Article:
On the House Draft Plan to Repeal ACA
Posted on March 8, 2017
Endorsed by Trump, it is a pretty good effort, from their point of point of view, and in fact it has an air of inevitability.
1. They had to repeal the insurance mandates and the tax penalties on individuals and employers, because that was their only actually popular issue.
2. They had to attack Medicaid expansion, because a lot of Republican governors and legislators went on on a limb betting on its instability. So they are phasing it out gradually.
3. They had to provide an expanded tax credit for insurance to placate a whole lot of people who are going to lose coverage and/or insurance subsidies.
4. They had to provide some semblance of popular features such as must carry to age 26 and no pre-existing conditions exclusions and anti-discrimination features, so they did–but with loopholes.
5. They had to give insurance companies quite a lot to prevent them from opposing the change-over. So they get a package of goodies (for them) and baddies (for us), e.g.:
–allow catastrophe insurance (putting pressure on emergency rooms to absorb lots costs for poor people)
–30% penalty to reinsure if your insurance lapses for any reason
–repeal various taxes on insurance companies.
–replace some mandates with an (inadequately funded) high risk pool
–allow charging old people 5 times as much as young people (up from 3 times as much).
6. They also needed a sop to Big Pharma, so they repealed a tax on pharmaceuticals and devices.
7. They had to placate the antiabortionists, so:
–abortion coverage is not allowed at all.
–health organizations (not just planned parenthood) that provide any abortions or CONTRACEPTION ADVICE are entirely defunded.
8. Obeying the rule that every major Republican legislation must cut taxes on rich people, there is a completely unrelated provision to cut investment taxes.
9. Since this plan is sure to be a budget buster (whereas ACA was self-financing) they had to scrimp where they could, e,g.:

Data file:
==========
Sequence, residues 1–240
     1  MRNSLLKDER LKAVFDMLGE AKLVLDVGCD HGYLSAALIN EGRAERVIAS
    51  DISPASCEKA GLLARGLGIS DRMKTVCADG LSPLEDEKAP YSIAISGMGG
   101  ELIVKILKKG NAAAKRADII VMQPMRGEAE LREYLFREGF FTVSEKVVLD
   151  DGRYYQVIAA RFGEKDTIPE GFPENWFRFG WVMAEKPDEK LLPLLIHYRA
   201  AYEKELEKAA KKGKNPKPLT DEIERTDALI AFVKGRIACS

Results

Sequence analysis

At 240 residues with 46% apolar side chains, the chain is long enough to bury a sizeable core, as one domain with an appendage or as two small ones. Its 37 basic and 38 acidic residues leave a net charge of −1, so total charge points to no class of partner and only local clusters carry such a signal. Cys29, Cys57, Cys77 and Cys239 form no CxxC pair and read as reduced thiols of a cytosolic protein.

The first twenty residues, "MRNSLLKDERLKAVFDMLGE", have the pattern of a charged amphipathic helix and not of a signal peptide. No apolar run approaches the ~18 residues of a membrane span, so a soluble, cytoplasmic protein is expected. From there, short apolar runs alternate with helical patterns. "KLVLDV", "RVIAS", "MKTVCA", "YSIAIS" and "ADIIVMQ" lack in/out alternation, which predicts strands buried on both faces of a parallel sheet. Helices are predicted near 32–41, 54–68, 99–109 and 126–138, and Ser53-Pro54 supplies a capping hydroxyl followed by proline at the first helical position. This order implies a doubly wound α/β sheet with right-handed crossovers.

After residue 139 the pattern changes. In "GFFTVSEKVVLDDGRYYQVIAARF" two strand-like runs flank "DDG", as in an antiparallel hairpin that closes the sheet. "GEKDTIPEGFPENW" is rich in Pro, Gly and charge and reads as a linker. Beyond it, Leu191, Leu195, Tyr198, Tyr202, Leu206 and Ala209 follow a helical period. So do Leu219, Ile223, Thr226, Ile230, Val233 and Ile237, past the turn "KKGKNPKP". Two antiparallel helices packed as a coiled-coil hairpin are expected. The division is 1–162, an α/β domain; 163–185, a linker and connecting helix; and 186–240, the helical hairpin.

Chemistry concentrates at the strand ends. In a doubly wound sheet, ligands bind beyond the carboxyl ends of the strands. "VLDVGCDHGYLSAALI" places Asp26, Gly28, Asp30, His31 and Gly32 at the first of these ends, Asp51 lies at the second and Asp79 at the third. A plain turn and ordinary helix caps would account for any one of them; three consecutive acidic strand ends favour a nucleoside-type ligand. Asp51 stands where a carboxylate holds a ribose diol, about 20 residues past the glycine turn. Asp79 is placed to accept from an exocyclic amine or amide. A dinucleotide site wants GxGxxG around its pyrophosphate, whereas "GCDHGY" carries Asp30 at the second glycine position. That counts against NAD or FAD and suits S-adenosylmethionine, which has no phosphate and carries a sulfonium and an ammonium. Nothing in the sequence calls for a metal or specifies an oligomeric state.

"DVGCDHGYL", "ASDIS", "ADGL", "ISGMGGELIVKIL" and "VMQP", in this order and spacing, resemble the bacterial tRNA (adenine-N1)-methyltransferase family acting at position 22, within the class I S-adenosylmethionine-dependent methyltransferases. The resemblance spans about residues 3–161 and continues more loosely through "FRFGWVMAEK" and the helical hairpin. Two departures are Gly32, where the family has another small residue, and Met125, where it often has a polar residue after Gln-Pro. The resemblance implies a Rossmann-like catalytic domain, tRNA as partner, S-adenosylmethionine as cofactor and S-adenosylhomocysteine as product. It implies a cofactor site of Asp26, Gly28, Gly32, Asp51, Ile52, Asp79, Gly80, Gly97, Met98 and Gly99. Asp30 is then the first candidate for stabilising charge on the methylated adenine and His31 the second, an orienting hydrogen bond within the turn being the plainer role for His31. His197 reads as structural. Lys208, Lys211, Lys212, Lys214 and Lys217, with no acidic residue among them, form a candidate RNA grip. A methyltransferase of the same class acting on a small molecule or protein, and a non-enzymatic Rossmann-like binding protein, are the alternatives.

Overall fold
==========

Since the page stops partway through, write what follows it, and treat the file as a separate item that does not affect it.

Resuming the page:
–no tax credits for high income people
–block granting Medicaid
–lower tax credits than ACA in many cases
–block granting that will lower Medicaid support
–kicking people off Medicaid permanently if they receive any temporary cash windfalls.
10. Obeying the rule that bad policy law changes should be as opaque a possible, the drafting is replete with language that says things like “change such and such a word in such and such a law to another word.” Consequently it will take a very long time to ferret out all the secret gimmicks in the law that have not yet been uncovered. Partly to limit those discoveries, the GOP plan is to push the law through as fast as possible using a device that prevents a filibuster (budget reconciliation).
As to hospitals and other service providers, it looks to me that they are going to be screwed, with some additional costs and no benefits.
They are going to have a hard time holding the 50 GOP Senators they need together on this. On the left, 4 of the 52 Republican Senators come from states that expanded Medicaid, and another 2 don’t like defunding Planned Parenthood. On the right, a few Senators are strongly opposed to a permanent tax credit for health insurance. Look for some extravagant bribes being offered to Democrats to bolt party discipline on this.
It would probably be best, for those who believe in universal healthcare, which this bill takes us even further back from, to make it very clear that any Democrat who bolts will be primaried with heavy funding.